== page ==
PubMed; plus ça change

In Uncategorized on July 9, 2008 by Alan Lovell Tagged: ,

There’s some new stuff going on at PubMed. You know what, I can’t remember PubMed ever having changed for years, though I suspect that’s me not noticing new things. I’m new to this information game, you know. Still, they’ve been beavering away recently on Automatic Term Mapping (ATM), a Citation Sensor (update on these two here), and an Advanced Search beta plaything (update here). There’s also an online presentation on the updates by PubMed on 17th July, that you can catch on Adobe Connect, and during which you can use ‘chat’ to ask things of the presenters; it’s first come first served, if you wish to take part, though you’ll be able to view recordings of it after the event.

Automatic Term Mapping has been around on PubMed for ages, it’s what happens when you type in, say, ‘lung cancer’ and PubMed knows not only to look for that as a keyword, but also for the Mesh Heading “lung neoplasms”. You’ve always been able to see this in the ‘details’ tab. A useful feature, I’ve always thought, particularly for inexperienced searchers. Well, the new changes will try and make this feature a little more intelligent and, not necessarily a good thing, broad (using OR terms rather than AND etc)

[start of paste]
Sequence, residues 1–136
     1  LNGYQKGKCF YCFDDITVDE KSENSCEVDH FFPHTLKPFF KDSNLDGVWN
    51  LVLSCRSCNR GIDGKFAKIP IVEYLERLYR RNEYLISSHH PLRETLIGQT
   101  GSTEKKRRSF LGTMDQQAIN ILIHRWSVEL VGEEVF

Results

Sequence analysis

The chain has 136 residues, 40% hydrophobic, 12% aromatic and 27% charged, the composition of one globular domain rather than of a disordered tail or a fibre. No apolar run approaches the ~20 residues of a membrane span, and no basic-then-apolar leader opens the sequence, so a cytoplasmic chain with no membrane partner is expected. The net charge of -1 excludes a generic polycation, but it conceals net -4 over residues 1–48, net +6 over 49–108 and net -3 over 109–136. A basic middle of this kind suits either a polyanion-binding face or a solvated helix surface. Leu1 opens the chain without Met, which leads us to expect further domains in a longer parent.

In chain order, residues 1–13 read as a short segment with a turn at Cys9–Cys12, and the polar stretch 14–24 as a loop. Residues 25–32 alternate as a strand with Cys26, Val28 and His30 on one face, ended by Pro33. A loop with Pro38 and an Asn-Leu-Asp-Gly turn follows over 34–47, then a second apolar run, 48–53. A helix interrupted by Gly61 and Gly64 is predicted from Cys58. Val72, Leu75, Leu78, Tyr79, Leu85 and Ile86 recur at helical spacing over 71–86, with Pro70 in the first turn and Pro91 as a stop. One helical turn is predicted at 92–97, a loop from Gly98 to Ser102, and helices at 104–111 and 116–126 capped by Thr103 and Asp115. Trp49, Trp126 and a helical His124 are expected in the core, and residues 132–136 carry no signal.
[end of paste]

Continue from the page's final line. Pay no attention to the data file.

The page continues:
The Citation Sensor looks nice. It recognizes combinations of search terms that are characteristic of citation searching, e.g., volume/issue numbers, author names, journal titles, and publication dates, which it then matches to citations. These citations are then placed in a yellow box at the top of your search results. It means that you don’t have to go to Single Citation Matcher and play around there – always soooo time consuming!

Finally the advanced search page (beta) is something you can take a look at now. Go to PubMed and click on the link in the top, centre/right of the page, and have a play. It’s not hugely exciting, putting together some search features on the one page with collapsible boxes and making the whole thing look a bit more contemporary and web2.0. The most useful feature is probably the ease at which you can now browse the MeSH index. Anyway, take a look sometime.

Overall nothing here is going to change the world, but it’s nice to know that the good people at the NLH care about us and their product. It must be difficult for them to know that half of their population of users are people who put in a keyword (a la google) and sit back and wait for what they want to appear, while the other half are highly trained and experienced searchers who will note and criticise the smallest, most subtle of changes… which are you?


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